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Focus: Dispute resolution threatened by bill C-4, critics warn

Government introduces sweeping changes to labour rules for public service
|Written By Charlotte Santry

Legislation aimed at reducing trade unions’ bargaining power is a threat to the dispute resolution system, lawyers are warning.

‘I think the underlying approach is to go through redundancies and downsizing,’ says George King.

The proposed amendments to the Public Service Labour Relations Act, contained in bill C-4, could also lead to strikes and court challenges, critics are suggesting.

Under the amendments, federal workers could only enter arbitration if the government agreed that was the best way forward. Currently, either party can press for arbitration.

The government would also have the exclusive right to decide which union members are essential in the event of a strike. Under the present law, the parties negotiate such matters and sometimes refer them to an independent body to decide.

One of the most controversial proposals is the new criteria for arbitrators in considering pay levels and other terms and conditions.

The bill says the arbitration board is “to be guided by and to give preponderance to” the following factors: the necessity of attracting competent people to, and retaining them in, the public service in order to meet the needs of Canadians and Canada’s fiscal circumstances relative to its stated budgetary policies.

Paul Cavalluzzo, senior partner at Cavalluzzo Shilton McIntyre Cornish LLP, says the legislation hands the minister of finance the right to “dictate” salary increases.

“They have effectively neutered the arbitration system,” he says.

Although the legislation applies only to federal workers, it could set the tone for changes in other jurisdictions.

“I’m sure that the provincial government will be looking at this legislation and making policy decisions based on it,” he says.

“Our arbitral criteria is a very contentious issue, particularly in Ontario.”

However, George King, an arbitration lawyer at McTague Law Firm LLP, argues the wording of the bill leaves enough leeway for arbitrators to interpret the criteria flexibly.

For example, unions could highlight factors in the local, regional or provincial economy, he says.

The amendments would also change the rules so that bargaining units in which 80 per cent or more of members were essential would be able to seek arbitration.

The figure is “arbitrary,” according to King.

King sees the changes partly as an attempt to push through public sector reforms. “I think the underlying approach is to go through redundancies and downsizing,” he says.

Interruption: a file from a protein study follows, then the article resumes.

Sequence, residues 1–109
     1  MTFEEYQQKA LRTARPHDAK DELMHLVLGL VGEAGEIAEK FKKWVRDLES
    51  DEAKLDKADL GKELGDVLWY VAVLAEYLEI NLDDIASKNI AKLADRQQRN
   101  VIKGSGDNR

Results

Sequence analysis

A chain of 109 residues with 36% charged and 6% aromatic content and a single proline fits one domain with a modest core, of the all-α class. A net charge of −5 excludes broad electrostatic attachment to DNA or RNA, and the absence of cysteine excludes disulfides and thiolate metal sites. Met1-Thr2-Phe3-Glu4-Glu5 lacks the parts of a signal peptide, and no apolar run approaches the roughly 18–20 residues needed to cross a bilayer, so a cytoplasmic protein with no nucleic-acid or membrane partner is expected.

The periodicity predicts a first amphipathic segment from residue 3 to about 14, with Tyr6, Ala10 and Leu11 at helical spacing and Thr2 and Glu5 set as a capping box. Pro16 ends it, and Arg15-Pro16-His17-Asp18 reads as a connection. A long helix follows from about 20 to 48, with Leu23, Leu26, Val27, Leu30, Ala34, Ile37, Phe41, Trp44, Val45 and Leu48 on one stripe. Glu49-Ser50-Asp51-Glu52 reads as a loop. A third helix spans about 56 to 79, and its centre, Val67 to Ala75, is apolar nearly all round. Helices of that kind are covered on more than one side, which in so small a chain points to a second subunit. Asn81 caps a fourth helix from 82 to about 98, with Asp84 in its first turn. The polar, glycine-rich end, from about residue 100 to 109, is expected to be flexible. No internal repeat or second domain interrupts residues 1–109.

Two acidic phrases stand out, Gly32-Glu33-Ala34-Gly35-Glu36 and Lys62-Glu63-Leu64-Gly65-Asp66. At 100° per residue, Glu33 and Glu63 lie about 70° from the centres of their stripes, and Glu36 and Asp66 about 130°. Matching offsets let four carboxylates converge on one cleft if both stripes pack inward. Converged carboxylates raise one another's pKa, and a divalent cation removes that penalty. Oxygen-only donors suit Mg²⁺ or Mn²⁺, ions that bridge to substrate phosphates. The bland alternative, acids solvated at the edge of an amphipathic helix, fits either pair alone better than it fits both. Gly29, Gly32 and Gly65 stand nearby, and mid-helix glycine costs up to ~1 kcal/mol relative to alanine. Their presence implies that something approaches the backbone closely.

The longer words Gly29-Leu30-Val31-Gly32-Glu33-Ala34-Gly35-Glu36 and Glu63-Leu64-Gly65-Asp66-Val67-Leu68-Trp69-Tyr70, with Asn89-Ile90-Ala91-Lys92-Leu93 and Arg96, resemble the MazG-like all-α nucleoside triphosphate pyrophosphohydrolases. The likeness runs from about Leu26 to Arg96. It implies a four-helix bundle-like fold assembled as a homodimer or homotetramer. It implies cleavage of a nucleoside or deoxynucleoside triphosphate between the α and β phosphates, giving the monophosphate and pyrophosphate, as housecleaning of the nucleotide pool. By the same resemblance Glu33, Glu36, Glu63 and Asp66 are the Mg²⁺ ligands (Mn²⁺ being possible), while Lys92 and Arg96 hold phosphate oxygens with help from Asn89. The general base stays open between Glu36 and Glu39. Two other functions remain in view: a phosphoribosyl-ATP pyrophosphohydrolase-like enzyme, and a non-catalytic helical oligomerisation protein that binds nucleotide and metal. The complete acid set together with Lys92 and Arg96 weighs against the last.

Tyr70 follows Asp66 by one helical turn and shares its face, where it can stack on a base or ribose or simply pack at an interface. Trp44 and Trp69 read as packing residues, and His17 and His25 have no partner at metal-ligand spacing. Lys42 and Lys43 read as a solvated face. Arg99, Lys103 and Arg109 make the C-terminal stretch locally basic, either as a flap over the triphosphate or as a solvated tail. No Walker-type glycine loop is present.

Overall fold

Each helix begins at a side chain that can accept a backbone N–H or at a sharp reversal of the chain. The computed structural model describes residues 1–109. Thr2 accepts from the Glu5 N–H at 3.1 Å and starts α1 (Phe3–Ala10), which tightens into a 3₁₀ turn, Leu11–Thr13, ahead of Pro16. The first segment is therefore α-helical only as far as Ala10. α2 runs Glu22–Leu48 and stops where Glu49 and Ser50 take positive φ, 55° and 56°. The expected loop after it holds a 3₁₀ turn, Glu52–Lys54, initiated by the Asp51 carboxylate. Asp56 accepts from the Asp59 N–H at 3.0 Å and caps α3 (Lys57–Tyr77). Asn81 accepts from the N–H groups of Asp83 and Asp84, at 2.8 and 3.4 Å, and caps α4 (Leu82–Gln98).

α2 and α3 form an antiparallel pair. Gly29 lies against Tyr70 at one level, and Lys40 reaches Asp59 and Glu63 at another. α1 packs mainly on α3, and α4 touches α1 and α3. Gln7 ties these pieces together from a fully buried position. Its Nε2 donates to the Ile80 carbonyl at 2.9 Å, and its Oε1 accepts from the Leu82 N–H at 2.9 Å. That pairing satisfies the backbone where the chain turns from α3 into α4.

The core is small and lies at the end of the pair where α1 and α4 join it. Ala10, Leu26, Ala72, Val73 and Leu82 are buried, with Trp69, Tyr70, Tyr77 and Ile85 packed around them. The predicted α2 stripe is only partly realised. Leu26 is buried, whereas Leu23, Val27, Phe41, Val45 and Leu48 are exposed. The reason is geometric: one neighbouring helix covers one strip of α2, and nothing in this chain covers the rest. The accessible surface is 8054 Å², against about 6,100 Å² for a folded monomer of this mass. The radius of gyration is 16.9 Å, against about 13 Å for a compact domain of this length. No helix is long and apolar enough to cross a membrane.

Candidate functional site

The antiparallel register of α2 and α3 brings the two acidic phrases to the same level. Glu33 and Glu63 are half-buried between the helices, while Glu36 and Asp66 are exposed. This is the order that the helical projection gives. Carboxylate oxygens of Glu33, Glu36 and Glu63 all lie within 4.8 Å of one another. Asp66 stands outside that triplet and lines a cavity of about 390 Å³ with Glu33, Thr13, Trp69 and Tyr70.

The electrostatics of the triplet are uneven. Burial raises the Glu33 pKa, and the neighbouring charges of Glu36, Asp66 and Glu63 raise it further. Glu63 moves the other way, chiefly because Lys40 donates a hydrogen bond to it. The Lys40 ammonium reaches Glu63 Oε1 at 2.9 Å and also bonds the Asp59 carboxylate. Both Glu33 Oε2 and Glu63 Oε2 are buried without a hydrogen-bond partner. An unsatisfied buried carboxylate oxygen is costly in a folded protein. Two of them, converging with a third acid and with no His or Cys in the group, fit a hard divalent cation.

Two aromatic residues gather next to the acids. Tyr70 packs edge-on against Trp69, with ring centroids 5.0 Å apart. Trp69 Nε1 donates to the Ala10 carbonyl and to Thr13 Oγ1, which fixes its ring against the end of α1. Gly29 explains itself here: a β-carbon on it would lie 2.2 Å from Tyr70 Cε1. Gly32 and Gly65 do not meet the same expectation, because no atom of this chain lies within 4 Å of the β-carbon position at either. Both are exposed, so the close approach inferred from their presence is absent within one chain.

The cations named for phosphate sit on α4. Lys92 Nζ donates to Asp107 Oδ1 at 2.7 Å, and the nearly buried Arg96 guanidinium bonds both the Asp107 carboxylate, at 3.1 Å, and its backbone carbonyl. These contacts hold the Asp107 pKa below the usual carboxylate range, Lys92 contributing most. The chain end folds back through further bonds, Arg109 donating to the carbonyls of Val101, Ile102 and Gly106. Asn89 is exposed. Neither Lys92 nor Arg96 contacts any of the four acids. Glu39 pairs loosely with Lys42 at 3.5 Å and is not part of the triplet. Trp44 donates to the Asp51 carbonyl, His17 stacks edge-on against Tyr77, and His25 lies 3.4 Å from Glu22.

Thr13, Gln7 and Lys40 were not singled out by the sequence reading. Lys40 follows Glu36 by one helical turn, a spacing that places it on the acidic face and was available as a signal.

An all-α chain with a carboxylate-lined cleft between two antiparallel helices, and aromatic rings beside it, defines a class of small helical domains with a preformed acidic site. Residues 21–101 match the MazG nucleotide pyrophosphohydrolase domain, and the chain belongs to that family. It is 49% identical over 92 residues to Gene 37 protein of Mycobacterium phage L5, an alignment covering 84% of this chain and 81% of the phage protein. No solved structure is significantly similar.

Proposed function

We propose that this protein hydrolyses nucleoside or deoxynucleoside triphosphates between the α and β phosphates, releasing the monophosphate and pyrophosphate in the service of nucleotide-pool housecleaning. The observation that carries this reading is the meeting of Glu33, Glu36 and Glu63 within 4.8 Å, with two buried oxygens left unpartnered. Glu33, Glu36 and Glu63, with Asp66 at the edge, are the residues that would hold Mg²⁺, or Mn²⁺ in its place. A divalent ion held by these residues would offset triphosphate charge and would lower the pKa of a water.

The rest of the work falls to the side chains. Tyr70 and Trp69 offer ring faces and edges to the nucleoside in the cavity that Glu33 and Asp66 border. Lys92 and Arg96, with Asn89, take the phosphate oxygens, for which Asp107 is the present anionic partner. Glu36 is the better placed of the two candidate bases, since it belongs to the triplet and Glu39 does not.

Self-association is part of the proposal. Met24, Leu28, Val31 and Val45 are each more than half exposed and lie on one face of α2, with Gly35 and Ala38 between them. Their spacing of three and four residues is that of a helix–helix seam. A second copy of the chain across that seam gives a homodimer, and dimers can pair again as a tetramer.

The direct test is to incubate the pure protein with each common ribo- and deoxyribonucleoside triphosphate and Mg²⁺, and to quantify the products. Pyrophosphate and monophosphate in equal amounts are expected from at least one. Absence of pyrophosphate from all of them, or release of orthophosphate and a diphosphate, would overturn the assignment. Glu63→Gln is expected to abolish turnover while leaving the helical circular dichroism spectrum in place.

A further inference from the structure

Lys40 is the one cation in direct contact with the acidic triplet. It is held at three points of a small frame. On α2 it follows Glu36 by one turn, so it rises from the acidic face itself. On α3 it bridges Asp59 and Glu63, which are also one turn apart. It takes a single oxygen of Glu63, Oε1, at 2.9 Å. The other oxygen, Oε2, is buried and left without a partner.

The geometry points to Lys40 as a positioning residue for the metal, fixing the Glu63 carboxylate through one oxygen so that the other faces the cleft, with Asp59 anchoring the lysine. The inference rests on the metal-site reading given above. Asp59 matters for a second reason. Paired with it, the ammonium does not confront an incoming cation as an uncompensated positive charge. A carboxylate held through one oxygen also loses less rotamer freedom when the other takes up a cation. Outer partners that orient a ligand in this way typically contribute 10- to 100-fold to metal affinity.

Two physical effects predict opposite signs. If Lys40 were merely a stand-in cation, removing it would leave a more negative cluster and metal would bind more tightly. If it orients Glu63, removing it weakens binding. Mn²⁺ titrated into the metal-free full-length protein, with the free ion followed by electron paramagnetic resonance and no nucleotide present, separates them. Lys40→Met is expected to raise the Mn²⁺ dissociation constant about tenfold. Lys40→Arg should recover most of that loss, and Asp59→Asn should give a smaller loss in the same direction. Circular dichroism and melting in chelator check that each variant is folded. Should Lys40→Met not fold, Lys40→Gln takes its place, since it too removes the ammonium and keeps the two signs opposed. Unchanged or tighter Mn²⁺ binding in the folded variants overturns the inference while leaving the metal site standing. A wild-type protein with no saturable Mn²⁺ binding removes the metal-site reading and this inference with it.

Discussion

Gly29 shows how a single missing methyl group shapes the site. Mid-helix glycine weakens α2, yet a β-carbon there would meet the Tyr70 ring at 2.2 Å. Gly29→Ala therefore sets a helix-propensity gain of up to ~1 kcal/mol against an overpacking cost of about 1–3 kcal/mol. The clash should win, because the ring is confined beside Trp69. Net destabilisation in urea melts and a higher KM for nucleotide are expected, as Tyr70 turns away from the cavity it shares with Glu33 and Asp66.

King, who acts for employers, also argues that by restricting access to arbitration, the changes could help keep union pay demands in check.

“Fire and police have been getting much better wage increases because of the arbitration process,” he says.

“They were getting two- to three-per-cent increases during the downturn,” he adds.

But lawyers have strongly criticized the government’s approach.

The national labour and employment law section of the Canadian Bar Association wrote to the government on Nov. 18, 2013, expressing “profound concerns” about “the process for legislative amendments in bill C-4 dealing with labour and employment law.”

Bill C-4 brings together many different legislative amendments onto one 322-page document instead of introducing them as separate laws.

The CBA letter states: “Enacting important changes in diverse and unrelated subject areas in a single bill precludes meaningful comment and debate.”

It’s wise and customary to consult labour and management groups over “significant” changes, it suggests.

It adds: “Advance consultation on proposed changes to labour legislation and tribunals also minimizes the vulnerability of changes to challenge under sections 2(b) and (d) of the Canadian Charter of Rights and Freedoms.

“Charter challenges are increasingly commonplace in the labour context.”

Cavalluzzo agrees with the CBA and complains the government is introducing the amendments without having them “properly debated in Parliament.”

“If you take away the right to strike, you have to allow for effective arbitration,” he suggests, calling the changes unconstitutional.

Many public sector unions are likely to challenge the legislation in court, he believes.

Plans to scrap the pay and research arm of the Public Service Labour Relations Board would increase the risk of strikes and leave pay decisions even more vulnerable to challenges, he says.

That’s because, without solid industry information to point to, the government would face greater difficulties in justifying pay awards.

The government, however, is defending the changes. “The proposed amendments to the Public Service Labour Relations Act will help to ensure that the public service remains affordable, modern, and high-performing,” said Kelly James of the Treasury Board of Canada Secretariat.

“These amendments have been put forward with the intent to streamline the collective bargaining process to ensure that negotiations are fair and reasonable to both employees and taxpayers.”

For more, see "Public sector employee protections watered down under bill C-4."

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